If you have been following this blog, you will remember P’Pew, my Thai childhood friend who became a dietitian. She has given me another recipe, this time for braised bamboo shoots with pork.
“Braised bamboo shoots (the dried ones) with pork. My mum would use pork belly. Formerly you had to soak the bamboo for days to soften them. Cut/slice and then boil again before cooking. Now you can find them in supermarkets all soft and ready to cook.”P’Pew
1)15-20 pieces of peppercorn
2) 2 cloves garlic
3) 1-2 small coriander roots with a bit of stem
4) 100-150gm pork (Note chicken can be substituted for pork)
5) 350-400 gm ready-to-cook bamboo shoots
(For serving four pax)
- Pound the peppercorn, garlic and coriander roots and stem together till fine
- Cook the pounded peppercorn, garlic and coriander in a little oil on low heat till fragrant
- Add palm/brown sugar till melted
- Stir in pork (or chicken)
- Add some water so that it doesn’t stick to the pan
- Add the bamboo shoots.
- Add in enough water to cover the mixture
- Bring to boil
- Season with salt, light and dark soy sauce for colour and taste
(Taste should be a nice balance of salty and sweet)
- Sear one star anise and cinnamon stick (about 2cmx1cm) to release the aromatic oils. Put these into the simmering dish.
- Simmer till 1/3 of the liquid has evaporated, which is when it is ready to be served
Like most home-cooking, the amount of ingredients used is very flexible. The bowl used in the photo was a pyrex dish about 6″wide and 3″deep
P’Pew’s mother, Aunty Chor or Pa Chor (in Thai) left behind a home-cooking legacy. My mother often gives me cooking tips which she learnt from Pa Chor, who had a passion for cooking as well as a high level of skill. Just this week my mother was looking for coriander roots in the supermarket. She said that coriander roots are essential in Thai cooking for marinating meat. It is something she learnt from Pa Chor.
Recently, I came across an article by Clarissa Oon entitled The decline of home-cooking, which was first published in The Straits Times on April 7, 2013. The article started off with the following:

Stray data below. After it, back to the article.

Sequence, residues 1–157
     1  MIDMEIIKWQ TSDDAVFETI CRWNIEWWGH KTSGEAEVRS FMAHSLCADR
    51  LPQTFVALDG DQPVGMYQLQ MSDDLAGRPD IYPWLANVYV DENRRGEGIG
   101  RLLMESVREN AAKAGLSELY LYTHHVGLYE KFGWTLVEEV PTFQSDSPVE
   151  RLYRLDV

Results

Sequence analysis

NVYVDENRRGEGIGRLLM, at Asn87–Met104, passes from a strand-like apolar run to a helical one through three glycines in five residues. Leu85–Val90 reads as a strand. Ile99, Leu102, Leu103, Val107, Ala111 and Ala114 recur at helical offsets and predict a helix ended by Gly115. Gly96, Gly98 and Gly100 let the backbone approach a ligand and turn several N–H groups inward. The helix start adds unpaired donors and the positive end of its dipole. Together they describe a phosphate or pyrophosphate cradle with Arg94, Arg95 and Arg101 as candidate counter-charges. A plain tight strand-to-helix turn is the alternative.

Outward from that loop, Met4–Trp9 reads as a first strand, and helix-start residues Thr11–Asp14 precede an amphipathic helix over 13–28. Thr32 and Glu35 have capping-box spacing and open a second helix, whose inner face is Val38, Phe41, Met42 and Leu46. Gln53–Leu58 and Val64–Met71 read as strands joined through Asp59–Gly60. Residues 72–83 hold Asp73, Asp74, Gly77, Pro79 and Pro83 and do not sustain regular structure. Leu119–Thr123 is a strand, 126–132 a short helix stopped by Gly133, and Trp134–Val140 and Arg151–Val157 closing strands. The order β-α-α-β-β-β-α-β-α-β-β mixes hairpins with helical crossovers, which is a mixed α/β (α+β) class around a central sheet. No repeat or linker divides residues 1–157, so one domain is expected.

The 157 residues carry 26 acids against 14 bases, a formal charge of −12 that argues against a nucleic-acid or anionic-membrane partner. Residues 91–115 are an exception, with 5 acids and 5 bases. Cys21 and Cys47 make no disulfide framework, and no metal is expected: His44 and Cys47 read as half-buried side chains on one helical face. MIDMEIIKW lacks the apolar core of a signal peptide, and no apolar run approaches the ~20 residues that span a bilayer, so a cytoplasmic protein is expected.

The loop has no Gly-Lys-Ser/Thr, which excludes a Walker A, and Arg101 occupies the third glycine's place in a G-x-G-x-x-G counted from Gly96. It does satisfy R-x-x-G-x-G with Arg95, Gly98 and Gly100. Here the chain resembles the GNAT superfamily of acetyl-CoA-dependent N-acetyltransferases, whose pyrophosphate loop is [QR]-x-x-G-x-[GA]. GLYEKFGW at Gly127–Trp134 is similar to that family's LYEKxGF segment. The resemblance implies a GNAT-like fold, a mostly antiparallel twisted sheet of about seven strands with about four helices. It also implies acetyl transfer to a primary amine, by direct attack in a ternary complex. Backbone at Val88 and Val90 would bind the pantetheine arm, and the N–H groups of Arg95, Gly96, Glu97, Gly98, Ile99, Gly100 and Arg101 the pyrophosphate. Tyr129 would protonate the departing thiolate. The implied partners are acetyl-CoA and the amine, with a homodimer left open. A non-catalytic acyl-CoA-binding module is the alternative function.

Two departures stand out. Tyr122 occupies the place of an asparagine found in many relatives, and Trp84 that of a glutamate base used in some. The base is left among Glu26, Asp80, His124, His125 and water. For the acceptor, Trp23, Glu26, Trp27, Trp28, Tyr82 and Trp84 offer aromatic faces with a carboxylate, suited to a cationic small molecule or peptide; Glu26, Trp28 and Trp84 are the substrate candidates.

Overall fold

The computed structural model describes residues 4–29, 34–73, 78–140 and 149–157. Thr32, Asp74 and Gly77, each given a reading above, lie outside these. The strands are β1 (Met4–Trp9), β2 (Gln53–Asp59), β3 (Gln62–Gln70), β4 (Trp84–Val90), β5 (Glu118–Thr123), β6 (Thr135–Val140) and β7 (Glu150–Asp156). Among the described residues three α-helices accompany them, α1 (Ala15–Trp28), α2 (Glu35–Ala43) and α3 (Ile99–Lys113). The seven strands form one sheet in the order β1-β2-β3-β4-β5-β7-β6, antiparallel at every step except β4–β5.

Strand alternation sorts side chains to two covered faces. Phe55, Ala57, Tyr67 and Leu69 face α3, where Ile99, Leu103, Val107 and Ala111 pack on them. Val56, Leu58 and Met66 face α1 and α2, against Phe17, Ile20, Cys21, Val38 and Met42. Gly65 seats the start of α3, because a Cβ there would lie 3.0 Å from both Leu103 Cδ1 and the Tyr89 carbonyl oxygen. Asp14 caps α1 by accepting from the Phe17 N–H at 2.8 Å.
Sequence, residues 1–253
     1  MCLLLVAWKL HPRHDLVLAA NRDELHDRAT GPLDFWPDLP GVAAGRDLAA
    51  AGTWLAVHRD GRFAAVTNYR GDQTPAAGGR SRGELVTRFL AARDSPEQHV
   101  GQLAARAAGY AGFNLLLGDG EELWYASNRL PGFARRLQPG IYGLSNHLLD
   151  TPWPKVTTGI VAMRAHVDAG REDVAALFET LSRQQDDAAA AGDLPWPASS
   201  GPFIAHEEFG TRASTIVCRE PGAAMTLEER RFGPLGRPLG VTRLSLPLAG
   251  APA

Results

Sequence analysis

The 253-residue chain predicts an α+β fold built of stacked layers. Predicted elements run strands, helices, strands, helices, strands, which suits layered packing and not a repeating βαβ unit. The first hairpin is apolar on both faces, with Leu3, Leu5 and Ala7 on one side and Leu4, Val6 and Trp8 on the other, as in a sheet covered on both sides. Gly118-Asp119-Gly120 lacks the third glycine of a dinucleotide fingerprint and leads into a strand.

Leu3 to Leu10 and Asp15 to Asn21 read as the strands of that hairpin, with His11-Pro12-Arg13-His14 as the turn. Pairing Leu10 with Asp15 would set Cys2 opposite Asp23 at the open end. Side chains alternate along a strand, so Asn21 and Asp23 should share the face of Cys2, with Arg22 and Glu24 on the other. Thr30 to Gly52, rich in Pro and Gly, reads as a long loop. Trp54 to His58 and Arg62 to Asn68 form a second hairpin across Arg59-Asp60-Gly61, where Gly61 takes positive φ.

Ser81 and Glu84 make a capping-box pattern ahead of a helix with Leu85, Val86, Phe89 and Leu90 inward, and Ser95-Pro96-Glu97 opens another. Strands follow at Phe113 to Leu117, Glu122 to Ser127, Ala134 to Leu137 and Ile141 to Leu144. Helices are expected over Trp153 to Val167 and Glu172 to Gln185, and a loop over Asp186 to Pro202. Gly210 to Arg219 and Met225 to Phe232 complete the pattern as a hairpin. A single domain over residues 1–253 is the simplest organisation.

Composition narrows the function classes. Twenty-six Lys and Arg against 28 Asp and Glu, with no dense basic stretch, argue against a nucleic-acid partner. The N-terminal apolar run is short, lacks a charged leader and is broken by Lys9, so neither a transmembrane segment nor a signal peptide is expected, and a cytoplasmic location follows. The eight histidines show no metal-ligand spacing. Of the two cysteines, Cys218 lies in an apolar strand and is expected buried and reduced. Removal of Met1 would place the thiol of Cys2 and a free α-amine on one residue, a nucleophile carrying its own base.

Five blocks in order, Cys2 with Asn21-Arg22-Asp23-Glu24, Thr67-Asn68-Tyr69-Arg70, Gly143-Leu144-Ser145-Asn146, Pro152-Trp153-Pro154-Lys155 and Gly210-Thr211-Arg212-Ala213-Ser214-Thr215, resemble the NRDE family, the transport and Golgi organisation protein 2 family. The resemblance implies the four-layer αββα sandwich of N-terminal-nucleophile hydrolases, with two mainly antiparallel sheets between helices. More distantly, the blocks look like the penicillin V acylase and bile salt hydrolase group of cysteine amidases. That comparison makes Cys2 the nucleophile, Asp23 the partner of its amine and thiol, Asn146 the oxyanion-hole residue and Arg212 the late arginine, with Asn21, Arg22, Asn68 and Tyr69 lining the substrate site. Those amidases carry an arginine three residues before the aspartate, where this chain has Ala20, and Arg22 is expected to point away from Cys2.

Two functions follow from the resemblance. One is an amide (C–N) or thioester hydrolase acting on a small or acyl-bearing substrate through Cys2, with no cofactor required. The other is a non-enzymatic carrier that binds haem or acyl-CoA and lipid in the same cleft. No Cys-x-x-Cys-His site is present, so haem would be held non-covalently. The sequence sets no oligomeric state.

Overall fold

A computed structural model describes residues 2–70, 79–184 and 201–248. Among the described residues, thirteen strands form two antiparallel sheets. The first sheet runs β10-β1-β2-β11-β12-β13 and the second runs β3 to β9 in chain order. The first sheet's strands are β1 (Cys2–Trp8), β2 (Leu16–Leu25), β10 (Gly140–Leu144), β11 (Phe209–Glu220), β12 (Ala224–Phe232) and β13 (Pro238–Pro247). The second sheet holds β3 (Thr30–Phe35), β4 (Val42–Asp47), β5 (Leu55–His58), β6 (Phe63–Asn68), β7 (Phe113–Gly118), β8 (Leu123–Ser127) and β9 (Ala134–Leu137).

“One of the biggest responsibilities that befall a parent, from the moment your young ‘uns learn the meanings of the words “family” and “home”, is to create the little memories and rituals associated with the domestic sanctum.
Food plays a huge part in this, and not just the festive fare associated with traditional holidays, but also the nightly meal around the dinner table.”
I couldn’t agree more. There has indeed been a decline in home-cooking, but there has also been a rise in young people taking an interest in cooking. During the June school holidays last year and this year, I saw how very young girls competed in online cooking competitions (which reminded me of the Junior Masterchef series). They planned their menus, did their grocery shopping and cooked a whole meal within an hour. Quite an achievement!
P’Pew and P’Pad have inherited a cooking legacy from their mother, but it is a family legacy which has gone beyond the family and has benefitted many others, including me.
“The good is diffusive”, as suggested by Plato. Good home-cooking should also be diffusive, as it is worth sharing. A big thanks to P’Pew and P’Pad for sharing their home-cooking recipes with us.
By Chayo, HomSkil Editor 1, 1 August 2021